IRAP > Actualités > STEREO: A solar storm observed on the far side of the Sun provides important clues on the acceleration of particles to high energies.

STEREO: A solar storm observed on the far side of the Sun provides important clues on the acceleration of particles to high energies.


The NASA STEREO (Solar Terrestrial Relations Observatory) mission consists of two spacecraft orbiting with the Earth around the Sun, one moving faster ahead of the Earth (STEREO-A) and one moving more slowly behind the Earth (STEREO-B). STEREO is the first solar mission obtaining images of the far side of the Sun from two vantage points.


Figure 1: Three differenced images obtained by STEREO-A imagers at three different times (02 :20UT, 02 :30UT, 02 :38UT). Each composite image combines observations of the solar disk in ultraviolet light through the FeXII 195 Angström line (EUVI instrument) and of the lower corona in white-light by the internal coronagraph (COR-1). The bubble formed by the solar eruption and the associated shock wave surrounding it undergo a strong 3D expansion. The limit of the perturbations associated with the shock wave as observed on the solar disk is marked by a dotted black line.


In a study published this week in the Astrophysical Journal, the eruption of a very energetic solar event, launched on 2011 March 21, on the far side of the Sun (west longitude 135o), could be observed in great detail by the optical instruments on STEREO-A. The shock wave launched by the expelled solar storm was tracked along the base of the corona (about 80Mm above the solar surface) from the launch site situated beyond the west limb, to the visible parts of the solar disk observed from Earth. The particles, thought to be accelerated by the shock wave, were measured in situ by the instruments on STEREO-A and could be compared with similar measurements obtained by the near-Earth orbiting probes.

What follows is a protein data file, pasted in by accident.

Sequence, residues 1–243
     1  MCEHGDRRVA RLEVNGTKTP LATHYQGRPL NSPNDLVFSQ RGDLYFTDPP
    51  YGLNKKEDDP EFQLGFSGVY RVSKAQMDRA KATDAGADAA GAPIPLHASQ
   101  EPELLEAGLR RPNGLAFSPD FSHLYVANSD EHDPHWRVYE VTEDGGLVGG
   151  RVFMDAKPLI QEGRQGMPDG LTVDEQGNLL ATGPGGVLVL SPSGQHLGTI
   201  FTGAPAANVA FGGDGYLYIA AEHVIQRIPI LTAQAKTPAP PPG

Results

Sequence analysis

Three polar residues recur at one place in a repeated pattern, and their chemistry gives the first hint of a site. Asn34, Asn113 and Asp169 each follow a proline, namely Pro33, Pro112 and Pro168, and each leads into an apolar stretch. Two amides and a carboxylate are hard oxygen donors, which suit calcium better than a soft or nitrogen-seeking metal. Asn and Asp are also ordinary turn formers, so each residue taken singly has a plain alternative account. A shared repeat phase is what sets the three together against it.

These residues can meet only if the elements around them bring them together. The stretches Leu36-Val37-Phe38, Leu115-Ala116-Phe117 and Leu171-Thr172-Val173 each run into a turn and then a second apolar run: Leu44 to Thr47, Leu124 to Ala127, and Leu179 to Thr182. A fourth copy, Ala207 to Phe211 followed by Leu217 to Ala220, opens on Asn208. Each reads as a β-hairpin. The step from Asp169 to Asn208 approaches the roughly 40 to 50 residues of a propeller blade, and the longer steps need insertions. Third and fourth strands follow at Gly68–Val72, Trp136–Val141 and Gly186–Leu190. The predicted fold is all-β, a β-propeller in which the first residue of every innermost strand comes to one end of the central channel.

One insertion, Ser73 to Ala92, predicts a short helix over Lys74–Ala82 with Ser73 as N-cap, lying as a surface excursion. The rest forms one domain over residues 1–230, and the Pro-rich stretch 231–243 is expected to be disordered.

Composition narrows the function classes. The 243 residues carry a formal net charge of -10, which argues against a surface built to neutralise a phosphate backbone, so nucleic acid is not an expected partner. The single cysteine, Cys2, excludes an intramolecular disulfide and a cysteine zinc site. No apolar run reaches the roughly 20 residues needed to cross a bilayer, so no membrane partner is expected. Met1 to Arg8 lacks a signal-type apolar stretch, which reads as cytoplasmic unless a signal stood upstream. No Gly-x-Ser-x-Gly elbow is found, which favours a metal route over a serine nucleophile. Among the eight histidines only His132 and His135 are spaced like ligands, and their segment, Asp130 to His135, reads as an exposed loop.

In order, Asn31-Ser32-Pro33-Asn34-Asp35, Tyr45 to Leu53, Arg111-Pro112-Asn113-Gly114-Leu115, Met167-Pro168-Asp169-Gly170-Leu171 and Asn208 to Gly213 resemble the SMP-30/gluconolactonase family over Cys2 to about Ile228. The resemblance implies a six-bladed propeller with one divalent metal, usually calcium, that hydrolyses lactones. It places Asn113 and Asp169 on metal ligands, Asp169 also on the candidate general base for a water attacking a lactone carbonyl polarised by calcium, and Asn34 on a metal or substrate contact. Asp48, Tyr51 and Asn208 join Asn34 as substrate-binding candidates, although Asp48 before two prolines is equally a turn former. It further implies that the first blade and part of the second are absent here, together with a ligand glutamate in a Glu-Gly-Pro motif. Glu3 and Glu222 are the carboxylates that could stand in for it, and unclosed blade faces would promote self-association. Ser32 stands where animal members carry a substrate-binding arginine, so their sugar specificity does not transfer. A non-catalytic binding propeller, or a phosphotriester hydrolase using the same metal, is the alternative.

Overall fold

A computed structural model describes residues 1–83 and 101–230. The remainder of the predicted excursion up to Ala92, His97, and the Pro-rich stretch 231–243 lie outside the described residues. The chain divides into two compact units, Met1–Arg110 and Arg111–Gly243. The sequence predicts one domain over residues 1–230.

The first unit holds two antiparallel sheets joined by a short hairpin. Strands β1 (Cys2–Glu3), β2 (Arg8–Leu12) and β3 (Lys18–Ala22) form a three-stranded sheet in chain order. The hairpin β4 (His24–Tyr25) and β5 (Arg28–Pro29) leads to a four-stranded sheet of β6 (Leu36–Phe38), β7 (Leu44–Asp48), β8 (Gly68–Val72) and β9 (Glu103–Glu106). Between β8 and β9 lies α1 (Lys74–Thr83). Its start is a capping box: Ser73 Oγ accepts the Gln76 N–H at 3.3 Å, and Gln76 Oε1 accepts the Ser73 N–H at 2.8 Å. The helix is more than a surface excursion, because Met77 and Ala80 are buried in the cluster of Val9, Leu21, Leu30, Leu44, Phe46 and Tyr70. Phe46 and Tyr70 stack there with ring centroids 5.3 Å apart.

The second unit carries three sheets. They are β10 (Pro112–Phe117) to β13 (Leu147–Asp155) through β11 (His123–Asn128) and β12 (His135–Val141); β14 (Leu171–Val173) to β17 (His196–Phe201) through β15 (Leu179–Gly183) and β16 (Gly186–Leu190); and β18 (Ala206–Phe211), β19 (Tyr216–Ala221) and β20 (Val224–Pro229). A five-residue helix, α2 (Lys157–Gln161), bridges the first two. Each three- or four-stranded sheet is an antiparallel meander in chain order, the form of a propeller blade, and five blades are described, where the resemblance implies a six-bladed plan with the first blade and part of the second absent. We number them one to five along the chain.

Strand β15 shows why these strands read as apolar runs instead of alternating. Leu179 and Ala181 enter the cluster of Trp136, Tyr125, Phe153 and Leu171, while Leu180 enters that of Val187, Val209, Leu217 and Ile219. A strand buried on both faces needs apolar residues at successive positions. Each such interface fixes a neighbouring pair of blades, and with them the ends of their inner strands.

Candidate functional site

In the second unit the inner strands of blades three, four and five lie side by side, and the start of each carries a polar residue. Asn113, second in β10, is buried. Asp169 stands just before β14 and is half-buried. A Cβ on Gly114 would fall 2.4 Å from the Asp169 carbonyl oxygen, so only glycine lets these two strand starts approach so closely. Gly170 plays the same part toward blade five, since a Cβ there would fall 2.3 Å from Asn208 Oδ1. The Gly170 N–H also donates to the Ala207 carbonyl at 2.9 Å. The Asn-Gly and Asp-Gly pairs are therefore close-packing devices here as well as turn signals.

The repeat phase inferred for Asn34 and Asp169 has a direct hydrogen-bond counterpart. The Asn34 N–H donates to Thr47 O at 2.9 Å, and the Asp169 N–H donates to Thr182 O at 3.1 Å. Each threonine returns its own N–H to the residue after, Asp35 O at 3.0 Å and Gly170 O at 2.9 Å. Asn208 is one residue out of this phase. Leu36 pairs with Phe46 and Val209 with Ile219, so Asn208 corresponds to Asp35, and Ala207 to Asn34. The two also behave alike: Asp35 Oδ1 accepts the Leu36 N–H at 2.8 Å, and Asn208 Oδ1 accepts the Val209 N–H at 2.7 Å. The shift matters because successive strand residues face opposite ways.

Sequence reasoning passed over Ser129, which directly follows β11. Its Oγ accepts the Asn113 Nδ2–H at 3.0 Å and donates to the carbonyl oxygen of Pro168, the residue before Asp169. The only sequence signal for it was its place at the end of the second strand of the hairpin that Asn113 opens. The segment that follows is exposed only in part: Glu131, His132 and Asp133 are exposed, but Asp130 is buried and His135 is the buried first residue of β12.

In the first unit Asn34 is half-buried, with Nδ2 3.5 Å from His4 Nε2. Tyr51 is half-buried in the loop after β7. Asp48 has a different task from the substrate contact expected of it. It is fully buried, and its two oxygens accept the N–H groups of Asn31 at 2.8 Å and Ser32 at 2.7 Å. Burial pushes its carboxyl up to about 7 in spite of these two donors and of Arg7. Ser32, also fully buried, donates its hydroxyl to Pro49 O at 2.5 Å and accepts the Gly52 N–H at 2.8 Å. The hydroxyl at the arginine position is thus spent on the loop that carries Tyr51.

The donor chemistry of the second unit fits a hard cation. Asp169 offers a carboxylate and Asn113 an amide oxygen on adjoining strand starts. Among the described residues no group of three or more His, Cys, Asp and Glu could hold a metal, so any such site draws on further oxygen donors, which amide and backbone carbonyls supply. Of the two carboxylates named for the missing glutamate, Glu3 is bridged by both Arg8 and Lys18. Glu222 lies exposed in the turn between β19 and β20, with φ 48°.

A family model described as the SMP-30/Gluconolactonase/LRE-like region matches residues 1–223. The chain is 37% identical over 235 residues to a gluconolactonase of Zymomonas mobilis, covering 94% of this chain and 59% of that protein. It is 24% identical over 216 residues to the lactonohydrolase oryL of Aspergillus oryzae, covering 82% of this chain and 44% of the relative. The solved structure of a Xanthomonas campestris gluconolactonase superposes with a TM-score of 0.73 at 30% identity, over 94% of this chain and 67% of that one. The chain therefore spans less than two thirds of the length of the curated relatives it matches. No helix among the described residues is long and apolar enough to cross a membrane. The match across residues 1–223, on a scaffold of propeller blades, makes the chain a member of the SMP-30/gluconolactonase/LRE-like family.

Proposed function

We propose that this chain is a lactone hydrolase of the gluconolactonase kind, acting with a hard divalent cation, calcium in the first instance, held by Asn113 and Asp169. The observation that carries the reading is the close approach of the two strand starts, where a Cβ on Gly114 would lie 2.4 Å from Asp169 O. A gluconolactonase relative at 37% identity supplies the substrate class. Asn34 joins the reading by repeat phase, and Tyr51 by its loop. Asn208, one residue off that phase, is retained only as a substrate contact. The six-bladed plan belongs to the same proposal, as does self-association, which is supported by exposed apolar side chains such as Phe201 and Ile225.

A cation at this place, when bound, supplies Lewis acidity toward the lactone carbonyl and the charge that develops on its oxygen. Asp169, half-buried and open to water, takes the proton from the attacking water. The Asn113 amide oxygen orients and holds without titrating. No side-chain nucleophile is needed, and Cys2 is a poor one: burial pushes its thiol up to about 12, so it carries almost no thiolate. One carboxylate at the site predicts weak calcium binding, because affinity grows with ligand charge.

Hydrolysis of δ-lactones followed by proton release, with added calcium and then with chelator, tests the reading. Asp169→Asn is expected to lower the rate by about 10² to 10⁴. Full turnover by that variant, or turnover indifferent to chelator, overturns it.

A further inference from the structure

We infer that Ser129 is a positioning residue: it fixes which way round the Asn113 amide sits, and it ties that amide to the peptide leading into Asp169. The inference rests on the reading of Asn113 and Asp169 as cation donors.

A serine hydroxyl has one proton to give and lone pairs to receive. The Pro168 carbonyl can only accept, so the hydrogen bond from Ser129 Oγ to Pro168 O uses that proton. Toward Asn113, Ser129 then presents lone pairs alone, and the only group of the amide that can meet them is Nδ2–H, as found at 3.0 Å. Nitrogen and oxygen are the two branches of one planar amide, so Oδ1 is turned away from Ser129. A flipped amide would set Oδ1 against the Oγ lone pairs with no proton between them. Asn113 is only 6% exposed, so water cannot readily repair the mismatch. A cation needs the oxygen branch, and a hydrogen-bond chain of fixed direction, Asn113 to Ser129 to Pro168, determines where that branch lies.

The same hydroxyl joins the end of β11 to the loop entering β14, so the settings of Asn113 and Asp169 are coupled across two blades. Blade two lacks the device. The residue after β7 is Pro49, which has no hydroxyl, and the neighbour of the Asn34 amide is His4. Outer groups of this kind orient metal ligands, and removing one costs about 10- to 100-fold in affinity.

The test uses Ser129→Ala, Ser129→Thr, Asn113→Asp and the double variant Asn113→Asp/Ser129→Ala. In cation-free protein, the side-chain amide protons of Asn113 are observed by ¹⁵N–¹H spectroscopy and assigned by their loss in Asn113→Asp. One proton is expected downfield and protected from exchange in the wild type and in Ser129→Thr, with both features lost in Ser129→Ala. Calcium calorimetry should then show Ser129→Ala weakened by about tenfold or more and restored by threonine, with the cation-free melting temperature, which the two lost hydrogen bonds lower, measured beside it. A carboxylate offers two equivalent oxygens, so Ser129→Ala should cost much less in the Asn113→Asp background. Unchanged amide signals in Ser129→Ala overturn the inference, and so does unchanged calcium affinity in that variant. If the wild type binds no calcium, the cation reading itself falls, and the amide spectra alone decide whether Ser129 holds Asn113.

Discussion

This study compares, for the first time, the extent of the coronal shock wave in the lower corona, with mutli-point measurements of particle fluxes in the heliosphere during the critical first few minutes that follow the launch of a solar storm. The particles accelerated during this first phase tend to be the most energetic ones for a given storm (often exceeding GeV energies per nucleon), they are a real threat for human activity in space. These particles propagate along magnetic field lines that connect the base of the corona to the interplanetary medium. A delay of approximately 30 minutes was observed between the arrival of particles at STEREO-A and the arrival of particles at Earth. This study shows, for the first time, that this delay corresponds to the time required by the shock wave to propagate from the launch site, magnetically connected to STEREO-A, to the point magnetically connected to the near-Earth environment. This study provides a strong support to the theory of particle acceleration at coronal shocks.It also suggests that warning times of a few dozens of minutes of these high-energy particles are possible with adapted space weather monitoring.



Figure 2: The ecliptic plane viewed from solar north. The eruption and the shock surrounding it are initially confined to a small volume. The particles, that we think are accelerated near the shock, are initially injected along the magnetic field lines connected to STEREO-A. The shock wave undergoes a strong 3-D expansion perturbing an increasingly large volume of the solar corona. This phase lasts 30 minutes until the shock wave intersects magnetic field lines connected to the near-Earth environment. This time of intersection is associated with the onset of particles suddenly measured by probes placed near the Earth.


Contact: Alexis ROUILLARD, Institut de Recherche en Astrophysique et Planétologie, Université de Toulouse (UPS), Toulouse, France





The Astrophysical Journal, 752:44 (20pp), 2012 June 10




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